Based on the non-fiction book The Monuments Men: Allied Heroes, Nazi Thieves and the Greatest Treasure Hunt in History, Monuments Men dramatises the time during World War Two when art critics invaded Germany. Throughout the war, the Nazis had stolen copious art treasures including Michelangelo’s Madonna and Child, from galleries and private collections across Europe. For what are purported in this film to be cultural rather than financial reasons, the American government sought to recover many of these priceless works.
In the film, a team of art experts lead by Lt and Professor Frank Stokes (George Clooney) is established to locate and retrieve these masterpieces. Stokes’ team includes New York Metropolitan Museum curator James Granger (Matt Damon), architect Richard Campbell (Bill Murray), art connoisseur Preston Savitz (Bob Balaban), sculptor Walter Garfield (John Goodman), British art historian Lt Donald Jeffries (Hugh Bonneville) and Frenchman Jean Claude Clermnt (Jean Dujardin). Distributed around France they attempt to locate a multitude of art works while staying one step ahead of the Germans, the Russians and American demolition teams.
With a phenomenal cast that also includes Cate Blanchett and a story that examines the link between the tumultuous events of the Second World War and some of the history’s greatest art works, The Monuments Men was one of the year’s most anticipated films. Unfortunately, it turns out to be one of year’s biggest disappointments.
Clooney, who not only leads the on-screen mission but also directs the film, just can’t settle on a consistent or effective tone. The film switches from jovial Oceans 11-style caper movie, to Dad’s Army-like military comedy to Raiders of the Lost Ark style adventure to serious war drama. Unfortunately, none of these approaches entirely works. A large part of the problem is the story structure which splits into several strands with each focusing on specific team members’ experiences. None of the events depicted, however, are particularly dramatic, thought-provoking, emotionally affecting or (despite Bill Murray) funny. With its meandering plot this film becomes a lacklustre slog with few memorable scenes except for a couple of Inglorious Basterds-style face offs between the Americans and sleazy, duplicitous Nazis.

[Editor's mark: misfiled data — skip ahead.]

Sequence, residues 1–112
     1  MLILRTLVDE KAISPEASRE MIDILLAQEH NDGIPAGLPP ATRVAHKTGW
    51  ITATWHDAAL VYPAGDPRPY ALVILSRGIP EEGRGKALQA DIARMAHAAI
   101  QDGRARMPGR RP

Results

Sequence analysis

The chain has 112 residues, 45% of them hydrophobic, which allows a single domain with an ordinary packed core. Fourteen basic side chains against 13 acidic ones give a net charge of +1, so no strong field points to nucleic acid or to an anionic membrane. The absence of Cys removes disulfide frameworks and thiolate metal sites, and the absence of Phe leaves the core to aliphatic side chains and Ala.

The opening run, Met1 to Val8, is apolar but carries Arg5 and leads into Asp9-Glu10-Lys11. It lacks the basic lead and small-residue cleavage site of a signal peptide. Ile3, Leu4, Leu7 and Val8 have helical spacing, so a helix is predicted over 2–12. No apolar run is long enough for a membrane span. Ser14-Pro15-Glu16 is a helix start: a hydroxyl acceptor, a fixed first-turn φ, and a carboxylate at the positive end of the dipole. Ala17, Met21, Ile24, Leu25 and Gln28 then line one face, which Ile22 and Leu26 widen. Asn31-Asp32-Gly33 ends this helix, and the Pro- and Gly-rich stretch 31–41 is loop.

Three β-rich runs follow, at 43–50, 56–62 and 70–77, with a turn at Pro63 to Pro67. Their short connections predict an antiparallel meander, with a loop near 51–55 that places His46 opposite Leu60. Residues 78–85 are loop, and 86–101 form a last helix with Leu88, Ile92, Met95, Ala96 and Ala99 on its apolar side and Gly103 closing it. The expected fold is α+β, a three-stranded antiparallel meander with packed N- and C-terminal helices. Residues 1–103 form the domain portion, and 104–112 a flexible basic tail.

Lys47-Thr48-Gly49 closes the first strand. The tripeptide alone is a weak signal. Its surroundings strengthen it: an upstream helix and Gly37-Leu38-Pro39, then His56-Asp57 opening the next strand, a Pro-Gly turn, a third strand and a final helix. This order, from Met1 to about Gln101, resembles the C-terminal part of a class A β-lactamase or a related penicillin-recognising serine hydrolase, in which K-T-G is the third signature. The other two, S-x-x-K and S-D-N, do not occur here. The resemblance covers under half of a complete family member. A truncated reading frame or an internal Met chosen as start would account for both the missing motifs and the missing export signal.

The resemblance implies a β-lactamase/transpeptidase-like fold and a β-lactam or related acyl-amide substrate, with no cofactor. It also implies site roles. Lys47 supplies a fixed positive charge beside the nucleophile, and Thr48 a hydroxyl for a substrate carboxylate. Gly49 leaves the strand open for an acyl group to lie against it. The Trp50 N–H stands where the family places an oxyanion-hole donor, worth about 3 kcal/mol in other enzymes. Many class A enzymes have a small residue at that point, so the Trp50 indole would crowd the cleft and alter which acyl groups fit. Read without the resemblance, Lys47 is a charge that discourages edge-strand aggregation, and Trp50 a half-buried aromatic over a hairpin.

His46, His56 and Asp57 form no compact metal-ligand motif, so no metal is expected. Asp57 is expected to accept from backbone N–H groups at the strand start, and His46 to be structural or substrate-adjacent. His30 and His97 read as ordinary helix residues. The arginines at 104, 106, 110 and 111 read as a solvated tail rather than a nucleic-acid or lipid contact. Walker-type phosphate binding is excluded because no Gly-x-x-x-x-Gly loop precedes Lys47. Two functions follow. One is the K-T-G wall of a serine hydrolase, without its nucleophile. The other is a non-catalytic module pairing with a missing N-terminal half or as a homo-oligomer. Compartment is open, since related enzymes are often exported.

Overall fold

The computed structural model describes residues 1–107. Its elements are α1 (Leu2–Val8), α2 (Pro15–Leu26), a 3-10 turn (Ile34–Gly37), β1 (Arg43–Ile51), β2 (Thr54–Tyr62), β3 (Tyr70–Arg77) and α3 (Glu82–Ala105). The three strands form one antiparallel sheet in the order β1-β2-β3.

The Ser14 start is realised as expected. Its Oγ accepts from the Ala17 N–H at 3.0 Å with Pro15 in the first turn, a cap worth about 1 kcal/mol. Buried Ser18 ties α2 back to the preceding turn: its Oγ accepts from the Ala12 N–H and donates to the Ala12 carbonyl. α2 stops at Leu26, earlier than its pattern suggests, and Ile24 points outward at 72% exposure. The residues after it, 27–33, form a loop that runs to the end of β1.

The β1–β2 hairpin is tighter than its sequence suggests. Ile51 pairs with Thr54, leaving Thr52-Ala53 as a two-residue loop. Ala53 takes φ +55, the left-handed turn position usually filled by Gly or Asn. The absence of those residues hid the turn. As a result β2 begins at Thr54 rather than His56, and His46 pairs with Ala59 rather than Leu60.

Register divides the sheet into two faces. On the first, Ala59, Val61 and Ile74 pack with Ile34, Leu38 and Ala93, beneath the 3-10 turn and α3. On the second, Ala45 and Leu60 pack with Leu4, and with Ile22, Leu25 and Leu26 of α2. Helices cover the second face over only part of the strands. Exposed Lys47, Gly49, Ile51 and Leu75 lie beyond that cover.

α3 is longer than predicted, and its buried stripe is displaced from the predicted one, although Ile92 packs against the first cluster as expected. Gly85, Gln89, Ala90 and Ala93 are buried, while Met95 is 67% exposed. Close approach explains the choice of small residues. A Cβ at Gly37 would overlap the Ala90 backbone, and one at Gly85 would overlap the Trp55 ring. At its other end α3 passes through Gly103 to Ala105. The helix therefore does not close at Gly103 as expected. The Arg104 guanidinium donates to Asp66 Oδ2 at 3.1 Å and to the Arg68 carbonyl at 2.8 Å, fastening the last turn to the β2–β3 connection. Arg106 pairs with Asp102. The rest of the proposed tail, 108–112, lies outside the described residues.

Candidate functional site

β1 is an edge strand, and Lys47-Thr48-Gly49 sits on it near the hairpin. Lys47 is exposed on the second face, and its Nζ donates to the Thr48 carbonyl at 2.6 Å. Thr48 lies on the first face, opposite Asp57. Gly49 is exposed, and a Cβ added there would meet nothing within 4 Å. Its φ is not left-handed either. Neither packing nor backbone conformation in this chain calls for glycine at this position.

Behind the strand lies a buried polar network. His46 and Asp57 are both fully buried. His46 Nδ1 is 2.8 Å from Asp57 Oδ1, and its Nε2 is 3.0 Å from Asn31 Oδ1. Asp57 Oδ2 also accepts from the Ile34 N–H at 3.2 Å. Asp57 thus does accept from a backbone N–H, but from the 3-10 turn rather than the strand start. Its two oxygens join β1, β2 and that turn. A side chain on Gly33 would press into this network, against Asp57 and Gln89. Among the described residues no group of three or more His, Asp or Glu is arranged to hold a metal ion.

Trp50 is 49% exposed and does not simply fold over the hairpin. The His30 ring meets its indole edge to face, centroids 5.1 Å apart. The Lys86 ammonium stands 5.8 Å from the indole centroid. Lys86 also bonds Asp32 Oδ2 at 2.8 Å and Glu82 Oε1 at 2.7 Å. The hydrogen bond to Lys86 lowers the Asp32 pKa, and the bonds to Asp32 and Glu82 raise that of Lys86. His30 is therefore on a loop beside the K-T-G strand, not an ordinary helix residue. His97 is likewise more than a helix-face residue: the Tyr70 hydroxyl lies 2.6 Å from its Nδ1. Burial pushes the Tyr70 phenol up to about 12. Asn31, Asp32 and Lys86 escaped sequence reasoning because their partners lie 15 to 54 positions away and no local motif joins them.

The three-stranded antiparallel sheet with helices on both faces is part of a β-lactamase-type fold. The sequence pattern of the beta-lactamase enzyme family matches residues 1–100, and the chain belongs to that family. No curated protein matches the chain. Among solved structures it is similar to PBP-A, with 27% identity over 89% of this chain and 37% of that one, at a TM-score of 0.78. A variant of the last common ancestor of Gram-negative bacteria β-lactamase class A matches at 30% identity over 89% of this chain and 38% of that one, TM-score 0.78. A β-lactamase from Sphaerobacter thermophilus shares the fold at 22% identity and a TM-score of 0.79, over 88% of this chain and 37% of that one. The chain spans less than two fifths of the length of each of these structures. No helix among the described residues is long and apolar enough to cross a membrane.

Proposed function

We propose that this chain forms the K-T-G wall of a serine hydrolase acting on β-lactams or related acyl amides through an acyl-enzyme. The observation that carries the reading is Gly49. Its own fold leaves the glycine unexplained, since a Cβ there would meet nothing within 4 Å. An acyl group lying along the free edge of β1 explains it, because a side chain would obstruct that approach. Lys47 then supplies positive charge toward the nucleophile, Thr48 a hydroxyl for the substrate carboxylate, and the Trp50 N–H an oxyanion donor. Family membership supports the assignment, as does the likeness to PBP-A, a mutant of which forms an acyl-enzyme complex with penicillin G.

The film’s 118 minutes seems much longer and the story only gains momentum and focus toward the end as the team battle against time to retrieve specific works of art such as the Van Eyck altarpiece before the encroaching Russians swipe them. Too often the film tries to justify the mission by preaching about the value of art in the face of massive loss of life. This justification was unnecessary and simply forces the audience to question the value of the film itself. The Monuments Men also frequently lapses into clichéd sentimentality with dollops of twinkly music undercutting the drama.
The big name cast is mostly wasted with no one given the opportunity to establish a character that resonates with the audience. It’s particularly disappointing to see Cate Blanchett fumbling through a dodgy French accent as officious gallery curator Claire Simone. It seems that she’s really only there to provide a love interest for Matt Damon’s character.
With only fragments of compelling historical information and about as much emotional punch as a Hope/ Crosby jaunt through Morocco, The Monuments Men is a wasted opportunity.
Nick’s rating: **1/2
Genre: Historical/ Drama.
Director(s): George Clooney.
Release date: 13thMar 2014
Running time: 118 mins.
Reviewer: Nick Gardener can be heard on “Built For Speed” every Friday night from 8-10pm right here on 88.3 Southern FM. Nick can also be heard on “The Good, The Bad, The Ugly Film Show” podcast. http://subcultureentertainment.com/2014/02/the-good-the-bad-the-ugly-film-show
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